Alex Smolen

Preventing CSRF with CsrfGuard


Oct 17, 2008

Edit: I realized I didn’t mention the multitude of other ways to discourage CSRF including re-authentication, CAPTCHA, referrer checking, etc. This article deals only with the “secret token” approach to stopping CSRF.

CSRF (Cross-Site Request Forgery) attacks occur when an attacker forces a victim to perform an action unintentionally – “forging” a request from the victim, usually by using <img> tags (GET) or self-submitting forms (POST) in an attacker-controlled page the victim views.

CSRF attacks work because the browser likes to “auto-authenticate” to sites. Session IDs in cookies, HTTP, and NTLM authentication tokens are all automatically sent by the browser when it makes a request to a site. Thus, when the victim makes a request to site unintentionally, they do so with their full privileges.

A simple solution is to include an additional, unguessable token as a request argument. The application verifies this CSRF token against a server-side copy (or a cookie). If there’s a mismatch, then a CSRF exception should be raised. This would prevent the attacker from forging the request because they can’t set up a valid form without this secret value.

<form action=”whatever.page” method=”POST”>

<input type=”hidden” name=”CSRFToken” value=”SomeSecretValue” />

<input type=”Submit” value=”Click Me”/>

</form>

This type of solution is suggested by some reputable sources in application security. In some cases, the CSRF token is the session ID.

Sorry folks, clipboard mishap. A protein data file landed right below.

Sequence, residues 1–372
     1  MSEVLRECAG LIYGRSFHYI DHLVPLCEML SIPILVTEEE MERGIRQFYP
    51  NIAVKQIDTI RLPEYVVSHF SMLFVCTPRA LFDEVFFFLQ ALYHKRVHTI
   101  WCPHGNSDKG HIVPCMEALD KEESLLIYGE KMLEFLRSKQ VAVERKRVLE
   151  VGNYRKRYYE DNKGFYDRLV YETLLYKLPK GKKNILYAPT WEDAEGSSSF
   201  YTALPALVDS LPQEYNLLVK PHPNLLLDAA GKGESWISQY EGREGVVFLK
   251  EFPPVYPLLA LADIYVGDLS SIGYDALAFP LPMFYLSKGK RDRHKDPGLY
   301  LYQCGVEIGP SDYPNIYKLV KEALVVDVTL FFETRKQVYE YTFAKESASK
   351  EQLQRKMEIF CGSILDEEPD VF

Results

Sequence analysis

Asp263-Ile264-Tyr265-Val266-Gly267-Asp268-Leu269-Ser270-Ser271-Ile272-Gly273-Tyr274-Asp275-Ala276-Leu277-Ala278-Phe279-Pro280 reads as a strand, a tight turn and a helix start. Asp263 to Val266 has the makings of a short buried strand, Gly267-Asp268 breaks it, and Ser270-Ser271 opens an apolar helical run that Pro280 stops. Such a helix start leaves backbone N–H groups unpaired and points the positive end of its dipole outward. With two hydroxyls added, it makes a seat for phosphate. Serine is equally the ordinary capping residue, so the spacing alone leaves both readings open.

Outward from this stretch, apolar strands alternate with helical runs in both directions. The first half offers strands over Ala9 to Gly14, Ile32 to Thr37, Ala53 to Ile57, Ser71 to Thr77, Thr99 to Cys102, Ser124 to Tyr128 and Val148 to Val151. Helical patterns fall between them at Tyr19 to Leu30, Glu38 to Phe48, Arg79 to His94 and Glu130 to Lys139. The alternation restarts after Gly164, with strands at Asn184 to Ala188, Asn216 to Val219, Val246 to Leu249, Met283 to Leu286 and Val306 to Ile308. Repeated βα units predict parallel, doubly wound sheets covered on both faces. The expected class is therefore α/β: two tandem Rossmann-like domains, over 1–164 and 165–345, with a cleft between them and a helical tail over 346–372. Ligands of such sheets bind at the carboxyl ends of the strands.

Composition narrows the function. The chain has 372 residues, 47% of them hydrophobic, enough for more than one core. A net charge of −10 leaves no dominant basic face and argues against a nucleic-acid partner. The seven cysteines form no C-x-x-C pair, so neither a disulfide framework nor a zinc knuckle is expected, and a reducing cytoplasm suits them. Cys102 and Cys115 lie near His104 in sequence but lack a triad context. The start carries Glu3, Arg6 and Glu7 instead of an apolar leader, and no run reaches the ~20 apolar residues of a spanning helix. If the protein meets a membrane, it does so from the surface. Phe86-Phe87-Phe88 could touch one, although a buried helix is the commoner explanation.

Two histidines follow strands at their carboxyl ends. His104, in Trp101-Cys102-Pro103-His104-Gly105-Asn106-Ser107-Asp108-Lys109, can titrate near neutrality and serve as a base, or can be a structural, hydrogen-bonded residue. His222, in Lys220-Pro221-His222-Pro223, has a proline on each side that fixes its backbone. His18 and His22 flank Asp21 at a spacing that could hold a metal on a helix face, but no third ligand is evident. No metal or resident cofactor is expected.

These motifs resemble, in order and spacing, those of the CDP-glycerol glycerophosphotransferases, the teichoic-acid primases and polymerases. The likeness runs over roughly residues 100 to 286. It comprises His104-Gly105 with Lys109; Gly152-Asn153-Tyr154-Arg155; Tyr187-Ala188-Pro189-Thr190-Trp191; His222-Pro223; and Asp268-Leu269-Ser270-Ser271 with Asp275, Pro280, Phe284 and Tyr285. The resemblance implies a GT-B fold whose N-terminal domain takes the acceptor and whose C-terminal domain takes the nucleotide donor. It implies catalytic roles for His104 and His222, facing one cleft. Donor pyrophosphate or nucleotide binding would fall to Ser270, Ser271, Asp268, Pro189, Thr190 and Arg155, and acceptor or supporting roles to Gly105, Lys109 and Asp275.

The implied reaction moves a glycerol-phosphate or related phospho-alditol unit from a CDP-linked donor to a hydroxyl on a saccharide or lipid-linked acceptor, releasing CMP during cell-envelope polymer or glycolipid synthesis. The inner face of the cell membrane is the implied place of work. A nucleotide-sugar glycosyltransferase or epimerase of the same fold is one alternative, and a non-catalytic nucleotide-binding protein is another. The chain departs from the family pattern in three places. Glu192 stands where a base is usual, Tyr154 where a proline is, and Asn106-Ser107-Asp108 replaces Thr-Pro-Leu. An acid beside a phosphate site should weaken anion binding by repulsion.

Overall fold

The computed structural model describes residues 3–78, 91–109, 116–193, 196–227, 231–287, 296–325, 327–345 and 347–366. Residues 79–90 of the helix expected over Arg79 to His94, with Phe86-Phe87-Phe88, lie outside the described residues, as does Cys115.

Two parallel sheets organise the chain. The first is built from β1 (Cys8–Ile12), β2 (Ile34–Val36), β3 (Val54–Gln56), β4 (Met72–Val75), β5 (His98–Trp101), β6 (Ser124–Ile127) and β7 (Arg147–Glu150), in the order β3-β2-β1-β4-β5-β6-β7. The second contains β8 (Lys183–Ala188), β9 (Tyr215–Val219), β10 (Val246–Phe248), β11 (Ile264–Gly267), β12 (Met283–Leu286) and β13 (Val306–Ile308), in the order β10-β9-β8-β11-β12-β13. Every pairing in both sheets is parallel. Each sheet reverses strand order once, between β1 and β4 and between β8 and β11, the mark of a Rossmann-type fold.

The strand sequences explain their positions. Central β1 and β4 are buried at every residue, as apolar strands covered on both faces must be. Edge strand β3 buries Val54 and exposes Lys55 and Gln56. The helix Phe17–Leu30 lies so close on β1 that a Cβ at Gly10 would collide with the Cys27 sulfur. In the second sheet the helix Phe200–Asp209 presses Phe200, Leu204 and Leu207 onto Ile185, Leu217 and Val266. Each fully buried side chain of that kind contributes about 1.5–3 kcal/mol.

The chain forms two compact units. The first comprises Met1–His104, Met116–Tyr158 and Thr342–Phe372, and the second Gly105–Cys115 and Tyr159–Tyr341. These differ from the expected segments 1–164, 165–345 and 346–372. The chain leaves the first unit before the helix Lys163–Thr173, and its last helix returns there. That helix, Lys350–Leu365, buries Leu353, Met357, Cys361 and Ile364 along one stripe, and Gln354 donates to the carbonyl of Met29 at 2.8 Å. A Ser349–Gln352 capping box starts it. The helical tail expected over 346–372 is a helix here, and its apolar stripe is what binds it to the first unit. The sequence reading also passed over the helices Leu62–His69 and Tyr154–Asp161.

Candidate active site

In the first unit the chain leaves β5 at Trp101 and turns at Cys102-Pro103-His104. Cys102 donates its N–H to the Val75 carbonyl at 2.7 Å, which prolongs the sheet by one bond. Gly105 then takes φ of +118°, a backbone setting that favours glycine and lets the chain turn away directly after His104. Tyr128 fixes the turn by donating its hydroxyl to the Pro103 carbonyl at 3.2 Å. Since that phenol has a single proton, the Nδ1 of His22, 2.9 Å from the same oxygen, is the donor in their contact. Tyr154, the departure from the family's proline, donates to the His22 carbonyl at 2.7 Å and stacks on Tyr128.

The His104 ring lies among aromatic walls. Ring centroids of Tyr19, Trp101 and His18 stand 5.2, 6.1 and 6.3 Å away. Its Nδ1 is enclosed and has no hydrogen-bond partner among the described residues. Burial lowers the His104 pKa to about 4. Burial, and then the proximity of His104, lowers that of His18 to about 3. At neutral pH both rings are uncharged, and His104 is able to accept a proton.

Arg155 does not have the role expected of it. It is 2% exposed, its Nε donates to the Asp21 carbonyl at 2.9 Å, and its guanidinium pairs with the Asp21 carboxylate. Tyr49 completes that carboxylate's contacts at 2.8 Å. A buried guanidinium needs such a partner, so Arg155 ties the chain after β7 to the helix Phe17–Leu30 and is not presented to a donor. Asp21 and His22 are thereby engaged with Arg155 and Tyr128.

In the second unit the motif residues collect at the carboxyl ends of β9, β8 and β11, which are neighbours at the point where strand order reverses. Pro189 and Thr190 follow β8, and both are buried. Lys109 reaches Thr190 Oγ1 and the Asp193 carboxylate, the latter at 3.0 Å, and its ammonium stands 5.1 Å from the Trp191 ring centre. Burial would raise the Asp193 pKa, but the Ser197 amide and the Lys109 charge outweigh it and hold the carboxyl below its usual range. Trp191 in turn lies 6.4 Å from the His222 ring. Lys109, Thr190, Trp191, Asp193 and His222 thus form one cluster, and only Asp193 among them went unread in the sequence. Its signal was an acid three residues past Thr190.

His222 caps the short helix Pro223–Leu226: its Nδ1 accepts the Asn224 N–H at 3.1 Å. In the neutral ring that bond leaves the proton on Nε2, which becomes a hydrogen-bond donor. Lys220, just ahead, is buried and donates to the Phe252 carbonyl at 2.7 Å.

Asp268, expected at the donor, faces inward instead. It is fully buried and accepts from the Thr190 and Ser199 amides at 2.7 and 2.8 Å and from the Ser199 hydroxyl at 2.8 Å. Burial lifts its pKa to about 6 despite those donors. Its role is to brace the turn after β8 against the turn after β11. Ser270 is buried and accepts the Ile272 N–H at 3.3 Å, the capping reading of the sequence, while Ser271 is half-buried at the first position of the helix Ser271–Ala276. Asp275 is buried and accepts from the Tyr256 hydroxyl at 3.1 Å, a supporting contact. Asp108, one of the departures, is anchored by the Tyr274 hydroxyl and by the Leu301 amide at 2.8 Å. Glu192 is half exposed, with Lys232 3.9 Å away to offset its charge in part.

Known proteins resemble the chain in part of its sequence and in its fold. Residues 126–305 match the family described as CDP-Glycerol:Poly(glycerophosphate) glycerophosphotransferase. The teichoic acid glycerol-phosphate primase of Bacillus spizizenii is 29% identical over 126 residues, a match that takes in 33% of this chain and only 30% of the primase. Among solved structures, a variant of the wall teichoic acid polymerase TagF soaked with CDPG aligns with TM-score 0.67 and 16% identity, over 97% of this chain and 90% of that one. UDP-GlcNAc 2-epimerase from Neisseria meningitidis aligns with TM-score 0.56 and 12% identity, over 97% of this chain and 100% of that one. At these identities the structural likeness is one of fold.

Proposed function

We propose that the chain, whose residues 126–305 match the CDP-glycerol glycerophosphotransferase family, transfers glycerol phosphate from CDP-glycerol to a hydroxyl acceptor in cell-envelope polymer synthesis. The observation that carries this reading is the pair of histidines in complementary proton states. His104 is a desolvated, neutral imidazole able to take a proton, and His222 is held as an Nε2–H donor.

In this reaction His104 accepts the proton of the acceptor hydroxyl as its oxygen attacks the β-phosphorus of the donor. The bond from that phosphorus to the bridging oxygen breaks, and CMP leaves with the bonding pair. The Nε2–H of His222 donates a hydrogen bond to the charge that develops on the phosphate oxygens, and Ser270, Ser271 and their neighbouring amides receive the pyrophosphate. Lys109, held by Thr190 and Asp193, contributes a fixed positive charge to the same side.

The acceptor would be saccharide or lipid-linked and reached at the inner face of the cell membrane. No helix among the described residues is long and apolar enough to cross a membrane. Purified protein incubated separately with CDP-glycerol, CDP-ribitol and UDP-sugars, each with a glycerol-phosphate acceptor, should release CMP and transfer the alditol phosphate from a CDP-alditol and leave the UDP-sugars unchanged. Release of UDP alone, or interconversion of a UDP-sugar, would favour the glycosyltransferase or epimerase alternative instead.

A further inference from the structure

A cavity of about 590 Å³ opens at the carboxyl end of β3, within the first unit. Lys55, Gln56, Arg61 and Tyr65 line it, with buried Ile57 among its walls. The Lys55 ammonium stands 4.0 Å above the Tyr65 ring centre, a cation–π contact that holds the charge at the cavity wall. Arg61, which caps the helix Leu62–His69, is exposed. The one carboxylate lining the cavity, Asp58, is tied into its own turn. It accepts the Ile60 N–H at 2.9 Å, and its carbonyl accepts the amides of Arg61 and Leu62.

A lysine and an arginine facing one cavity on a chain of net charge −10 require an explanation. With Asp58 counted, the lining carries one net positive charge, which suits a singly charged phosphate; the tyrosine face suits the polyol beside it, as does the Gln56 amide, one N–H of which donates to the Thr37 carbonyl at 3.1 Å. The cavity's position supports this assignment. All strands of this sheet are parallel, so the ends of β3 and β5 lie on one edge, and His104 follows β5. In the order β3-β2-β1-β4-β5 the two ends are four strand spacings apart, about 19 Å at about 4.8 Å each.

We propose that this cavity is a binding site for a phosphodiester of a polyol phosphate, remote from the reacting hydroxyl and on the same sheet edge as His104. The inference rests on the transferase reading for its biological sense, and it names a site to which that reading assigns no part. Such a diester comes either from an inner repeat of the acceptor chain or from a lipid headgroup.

There are problems with this solution. The salient issue is the difference between GET and POST. According to RFC 2616, GET requests should be idempotent, meaning that they should not cause observable state-change on the server-side. If there was an RFC for CSRF, it would prohibit CSRF attacks against GET targets for this reason - there would is no reason to forge idempotent request. However, this is simply not the way GET is used in the real-world - it is used directly (the application has non-idempotent hyperlinks) or indirectly (the application accepts GET arguments just like they were POST arguments).

So, GET requests need to be protected, too. Easy enough:

http://www.keepitlocked.net/whatever.page?CSRFToken=SomeSecretValue

This works, but it’s inelegant. It ruins bookmarking. Furthermore, if the CSRF token is the session ID, then placing it into a GET argument will cause it to be stored in server and proxy logs and browser history, which makes the session identifier secret more difficult to keep.

So, a full-featured CSRF solution is more difficult than it seems.

The CsrfGuard project is a fairly compelling solution - it overwrites all forms (POST) with an additional CSRF token argument, and it also overwrites links (GET). But, there are cases where links do not get a token:

  1. The link doesn’t have any arguments (in which case it’s likely idempotent).
  2. The link is to a .gif or other whitelisted extension.
  3. The link is in a configurable whitelist of URLs (for pages which are known to be idempotent).

I like this approach because it offers the maximum amount of protection, not simply relying on developers to follow the standard and penalizing them with vulnerabilities if they don’t.

That’s why I’m integrating the .NET CsrfGuard project into OWASP .NET ESAPI. It will require some tweaking, but it’s the most comprehensive functionality preventing CSRF I’ve seen.

One tweak is that the CSRF token should not be the session ID, because it increases the risk of exposure. Instead, I’ll use the hash(Session ID + Salt). This is all easily configurable with CsrfGuard.

Oh yeah, what about ViewStateUserKey? Well, it’s still there, with the weaknesses I’ve written about before. To me, it’s like ValidateRequest - use it, but don’t rely on it.